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Get Ready For The New Apprenticeship Levy

31 Aug 2016

Get Ready For The New Apprenticeship Levy

Government funding for apprenticeships in the UK is going to change from April next year. Is your company geared up for the new apprenticeship levy that is to be introduced?

The latest proposals were released by the Government in the middle of August, and, after a consultation period lasting until September, the final proposals will be confirmed in October and will come into effect at the start of the next tax year (7th April 2017).

So, this is what we know so far...

There will be changes to the funding for apprenticeship training for all employers in the UK and some companies will have to contribute to a new apprenticeship levy, depending on the size of their business.

First up, if you are an employer with fewer than 50 employees then you won’t have to pay a single penny towards apprenticeship training for young people aged 16-18. As an employer with so few staff, the government will pay 100 per cent of the training costs for your apprentices in that age bracket.

If you employ more than 50 members of staff then you will be required to contribute 10 per cent of the costs of training an apprentice. The government will then pay the other 90 per cent of apprentice training costs.

Incentives of £1,000 to £2,000 per apprentice will also be available to employers who take on 16-18 year olds depending on whether the young person has an education, health and care (EHC) plan or not.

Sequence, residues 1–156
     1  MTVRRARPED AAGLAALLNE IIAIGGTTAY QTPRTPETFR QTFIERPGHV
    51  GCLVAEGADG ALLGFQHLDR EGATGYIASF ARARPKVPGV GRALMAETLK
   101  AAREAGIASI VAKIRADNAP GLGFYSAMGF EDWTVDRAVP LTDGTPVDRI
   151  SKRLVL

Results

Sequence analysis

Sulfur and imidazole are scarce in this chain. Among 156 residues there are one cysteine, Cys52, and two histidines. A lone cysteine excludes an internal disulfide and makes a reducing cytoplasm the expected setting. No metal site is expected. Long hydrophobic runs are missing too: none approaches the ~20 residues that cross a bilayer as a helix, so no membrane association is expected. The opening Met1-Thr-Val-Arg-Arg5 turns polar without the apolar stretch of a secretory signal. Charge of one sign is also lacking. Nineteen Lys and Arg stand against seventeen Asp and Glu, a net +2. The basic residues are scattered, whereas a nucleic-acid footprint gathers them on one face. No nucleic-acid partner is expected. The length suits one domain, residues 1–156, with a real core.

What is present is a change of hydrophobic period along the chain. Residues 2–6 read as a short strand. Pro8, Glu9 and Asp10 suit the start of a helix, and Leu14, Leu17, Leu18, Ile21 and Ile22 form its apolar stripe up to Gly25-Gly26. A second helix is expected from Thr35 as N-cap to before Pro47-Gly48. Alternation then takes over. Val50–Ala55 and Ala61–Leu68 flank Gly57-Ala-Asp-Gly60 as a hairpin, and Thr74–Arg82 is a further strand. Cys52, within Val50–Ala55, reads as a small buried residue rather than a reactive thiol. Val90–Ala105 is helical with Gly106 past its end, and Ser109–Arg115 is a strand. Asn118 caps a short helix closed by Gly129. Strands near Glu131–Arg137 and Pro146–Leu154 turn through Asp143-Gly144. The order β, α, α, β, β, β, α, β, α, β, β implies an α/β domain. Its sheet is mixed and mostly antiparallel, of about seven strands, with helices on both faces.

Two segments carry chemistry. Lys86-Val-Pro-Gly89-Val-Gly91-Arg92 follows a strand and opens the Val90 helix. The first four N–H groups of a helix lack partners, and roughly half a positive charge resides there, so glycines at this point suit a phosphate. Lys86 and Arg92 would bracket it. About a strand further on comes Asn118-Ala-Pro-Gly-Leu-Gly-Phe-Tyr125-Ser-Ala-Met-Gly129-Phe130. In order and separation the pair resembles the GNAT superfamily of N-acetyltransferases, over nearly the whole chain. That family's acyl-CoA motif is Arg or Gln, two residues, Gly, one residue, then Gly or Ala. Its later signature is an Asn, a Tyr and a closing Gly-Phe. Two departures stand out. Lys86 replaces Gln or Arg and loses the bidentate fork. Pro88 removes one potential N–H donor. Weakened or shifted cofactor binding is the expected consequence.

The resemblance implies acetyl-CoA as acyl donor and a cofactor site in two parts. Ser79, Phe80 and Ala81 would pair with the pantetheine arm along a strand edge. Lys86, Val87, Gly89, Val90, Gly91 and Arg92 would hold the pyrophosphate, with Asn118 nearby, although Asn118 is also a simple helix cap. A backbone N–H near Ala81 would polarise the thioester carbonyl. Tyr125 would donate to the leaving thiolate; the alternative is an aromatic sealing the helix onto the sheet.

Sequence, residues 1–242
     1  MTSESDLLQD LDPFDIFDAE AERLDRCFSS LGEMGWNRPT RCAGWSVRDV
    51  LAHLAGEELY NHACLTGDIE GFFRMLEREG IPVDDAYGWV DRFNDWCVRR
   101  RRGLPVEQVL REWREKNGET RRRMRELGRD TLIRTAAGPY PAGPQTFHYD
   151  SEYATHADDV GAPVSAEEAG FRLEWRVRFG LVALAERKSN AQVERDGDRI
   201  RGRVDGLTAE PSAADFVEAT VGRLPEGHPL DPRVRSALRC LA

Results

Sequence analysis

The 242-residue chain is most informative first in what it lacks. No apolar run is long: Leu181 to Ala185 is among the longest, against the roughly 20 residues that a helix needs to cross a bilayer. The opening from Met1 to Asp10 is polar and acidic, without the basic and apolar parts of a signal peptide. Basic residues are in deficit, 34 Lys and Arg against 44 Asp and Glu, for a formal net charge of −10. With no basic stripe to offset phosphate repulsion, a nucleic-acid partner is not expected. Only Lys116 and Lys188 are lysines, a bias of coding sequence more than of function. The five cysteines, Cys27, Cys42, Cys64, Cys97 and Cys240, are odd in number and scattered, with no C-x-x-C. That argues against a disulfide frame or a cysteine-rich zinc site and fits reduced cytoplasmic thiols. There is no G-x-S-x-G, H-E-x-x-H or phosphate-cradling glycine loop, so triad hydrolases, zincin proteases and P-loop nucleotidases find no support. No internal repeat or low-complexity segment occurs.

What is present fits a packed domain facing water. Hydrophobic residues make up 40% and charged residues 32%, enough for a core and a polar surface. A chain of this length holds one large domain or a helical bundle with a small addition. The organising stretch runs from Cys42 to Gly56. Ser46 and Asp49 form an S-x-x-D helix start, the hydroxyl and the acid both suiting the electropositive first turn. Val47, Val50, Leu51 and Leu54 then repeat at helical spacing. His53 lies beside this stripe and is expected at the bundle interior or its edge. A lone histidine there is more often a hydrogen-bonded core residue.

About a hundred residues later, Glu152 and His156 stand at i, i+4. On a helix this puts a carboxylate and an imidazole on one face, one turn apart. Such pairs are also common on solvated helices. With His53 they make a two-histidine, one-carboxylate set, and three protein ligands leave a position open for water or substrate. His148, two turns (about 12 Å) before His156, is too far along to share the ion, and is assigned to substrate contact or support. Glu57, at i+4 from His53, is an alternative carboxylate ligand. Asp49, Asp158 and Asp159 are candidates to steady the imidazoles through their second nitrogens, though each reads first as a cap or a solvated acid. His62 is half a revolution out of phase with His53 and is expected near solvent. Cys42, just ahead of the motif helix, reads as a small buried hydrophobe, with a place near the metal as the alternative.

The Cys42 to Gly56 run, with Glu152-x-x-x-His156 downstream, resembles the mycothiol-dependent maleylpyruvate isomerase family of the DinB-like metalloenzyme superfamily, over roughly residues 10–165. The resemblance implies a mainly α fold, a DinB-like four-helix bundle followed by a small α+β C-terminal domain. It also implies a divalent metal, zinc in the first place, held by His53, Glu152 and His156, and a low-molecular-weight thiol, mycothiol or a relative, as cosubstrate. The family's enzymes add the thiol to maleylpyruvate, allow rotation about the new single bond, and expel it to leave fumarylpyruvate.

Roughly 1 in 4 small businesses already employ at least one apprentice in their business, with 7 in 10 aged 16 to 19 years old. It is hoped that the new cash incentives and help with training costs will encourage even more small enterprises to offer apprenticeships to young people in the UK.

Commenting on the proposals, national chairman for The Federation of Small Business, Mike Cherry, said: “Smaller businesses are taking on more apprentices than ever before. What’s more, a quarter of our members say they are considering employing an apprentice in the future, but only if they feel they’re affordable.”

“Getting apprenticeship reform right, including changes to existing funding arrangements, is key to apprenticeship growth among small businesses. Many small company owners are committed to apprenticeships, but many more continue to be worried about the time and personal commitment required,” added Mr Cherry.

So, that, in a nutshell is the new position regarding training costs for apprentices from the start of the next tax year. What about the apprenticeship levy itself?

Well, it depends how much your total pay bill is...

If your total pay bill is less than £3 million (which is the case for around 98 per cent of UK businesses) then you won’t need to pay the levy at all. Once your pay bill rises above £3 million then you will be subject to paying the new apprenticeship levy from April 2017.

The apprenticeship levy will be one half of a per cent of the employer’s total pay bill but the company will receive an annual allowance of £15,000 which they will be able to offset against their liability.

Like income tax and National Insurance contributions, the apprenticeship levy will be payable through the Pay As You Earn (PAYE) scheme.

As for the practicalities of how companies will be able to easily navigate the new apprenticeship levy, a recent employer bulletin from the Government explains:

“From next year, employers will be able to use the new online service which will help businesses to search for apprenticeship training and recruit an apprentice, as well as providing access to levy funds. More online tools will be available to levy paying employers as part of the digital apprenticeship service over the next year. By 2020, all employers will be able to use the digital apprenticeship service to select and pay for training and assessment for apprenticeships.”

You can find out more about the Apprenticeship Levy, how it works and see some examples of what you might have to pay on the GOV.UK website.

What do you think about the apprenticeship levy? Will it affect your business? Do you think it will incentivise companies to train up more apprentices? Or could it have the opposite effect?

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